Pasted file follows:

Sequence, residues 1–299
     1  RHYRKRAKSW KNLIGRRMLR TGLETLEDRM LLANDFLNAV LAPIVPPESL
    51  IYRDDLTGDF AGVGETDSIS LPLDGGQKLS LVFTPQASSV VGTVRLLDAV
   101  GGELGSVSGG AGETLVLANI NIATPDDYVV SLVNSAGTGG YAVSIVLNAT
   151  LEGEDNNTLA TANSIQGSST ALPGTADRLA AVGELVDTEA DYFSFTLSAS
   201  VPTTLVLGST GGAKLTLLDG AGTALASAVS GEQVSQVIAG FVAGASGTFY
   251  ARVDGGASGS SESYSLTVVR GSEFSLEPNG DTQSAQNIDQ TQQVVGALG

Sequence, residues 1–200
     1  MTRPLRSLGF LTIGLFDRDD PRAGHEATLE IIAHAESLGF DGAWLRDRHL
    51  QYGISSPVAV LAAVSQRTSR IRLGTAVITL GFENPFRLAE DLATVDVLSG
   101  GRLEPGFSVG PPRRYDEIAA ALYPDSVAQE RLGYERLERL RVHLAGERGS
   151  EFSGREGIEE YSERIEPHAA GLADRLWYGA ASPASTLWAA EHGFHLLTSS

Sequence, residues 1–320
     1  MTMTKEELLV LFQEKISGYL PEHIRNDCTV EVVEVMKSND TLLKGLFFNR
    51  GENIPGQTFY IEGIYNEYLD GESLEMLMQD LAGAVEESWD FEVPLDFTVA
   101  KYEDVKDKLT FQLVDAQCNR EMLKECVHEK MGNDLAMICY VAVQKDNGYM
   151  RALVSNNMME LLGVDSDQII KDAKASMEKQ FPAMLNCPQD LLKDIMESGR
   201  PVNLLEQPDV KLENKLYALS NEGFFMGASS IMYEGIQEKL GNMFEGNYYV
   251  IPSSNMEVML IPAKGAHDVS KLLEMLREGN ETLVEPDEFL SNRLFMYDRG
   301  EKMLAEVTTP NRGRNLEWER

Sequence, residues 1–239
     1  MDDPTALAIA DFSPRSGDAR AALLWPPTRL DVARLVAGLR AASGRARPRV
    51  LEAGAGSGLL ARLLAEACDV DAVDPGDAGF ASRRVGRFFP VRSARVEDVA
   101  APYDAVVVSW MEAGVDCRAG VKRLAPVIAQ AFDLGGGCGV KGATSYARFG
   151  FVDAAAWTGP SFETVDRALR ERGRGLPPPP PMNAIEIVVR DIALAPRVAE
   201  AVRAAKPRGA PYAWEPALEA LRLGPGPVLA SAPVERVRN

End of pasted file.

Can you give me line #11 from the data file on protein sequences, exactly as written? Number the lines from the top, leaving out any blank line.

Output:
   101  GRLEPGFSVG PPRRYDEIAA ALYPDSVAQE RLGYERLERL RVHLAGERGS